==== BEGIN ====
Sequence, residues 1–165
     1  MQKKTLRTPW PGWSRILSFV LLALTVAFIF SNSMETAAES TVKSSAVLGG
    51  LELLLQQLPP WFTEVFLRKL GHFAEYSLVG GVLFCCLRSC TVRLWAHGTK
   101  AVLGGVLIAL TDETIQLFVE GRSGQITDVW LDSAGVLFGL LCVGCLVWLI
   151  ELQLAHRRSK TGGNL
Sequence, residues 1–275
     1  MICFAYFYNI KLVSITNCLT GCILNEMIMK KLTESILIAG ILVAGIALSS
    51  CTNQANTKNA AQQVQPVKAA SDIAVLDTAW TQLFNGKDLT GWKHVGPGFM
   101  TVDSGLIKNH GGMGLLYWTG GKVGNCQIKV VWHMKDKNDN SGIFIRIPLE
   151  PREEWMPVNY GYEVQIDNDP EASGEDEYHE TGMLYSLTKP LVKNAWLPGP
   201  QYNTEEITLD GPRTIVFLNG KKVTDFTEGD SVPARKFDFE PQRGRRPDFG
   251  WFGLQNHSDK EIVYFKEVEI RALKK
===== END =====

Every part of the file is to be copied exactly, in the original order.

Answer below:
Sequence, residues 1–165
     1  MQKKTLRTPW PGWSRILSFV LLALTVAFIF SNSMETAAES TVKSSAVLGG
    51  LELLLQQLPP WFTEVFLRKL GHFAEYSLVG GVLFCCLRSC TVRLWAHGTK
   101  AVLGGVLIAL TDETIQLFVE GRSGQITDVW LDSAGVLFGL LCVGCLVWLI
   151  ELQLAHRRSK TGGNL
Sequence, residues 1–275
     1  MICFAYFYNI KLVSITNCLT GCILNEMIMK KLTESILIAG ILVAGIALSS
    51  CTNQANTKNA AQQVQPVKAA SDIAVLDTAW TQLFNGKDLT GWKHVGPGFM
   101  TVDSGLIKNH GGMGLLYWTG GKVGNCQIKV VWHMKDKNDN SGIFIRIPLE
   151  PREEWMPVNY GYEVQIDNDP EASGEDEYHE TGMLYSLTKP LVKNAWLPGP
   201  QYNTEEITLD GPRTIVFLNG KKVTDFTEGD SVPARKFDFE PQRGRRPDFG
   251  WFGLQNHSDK EIVYFKEVEI RALKK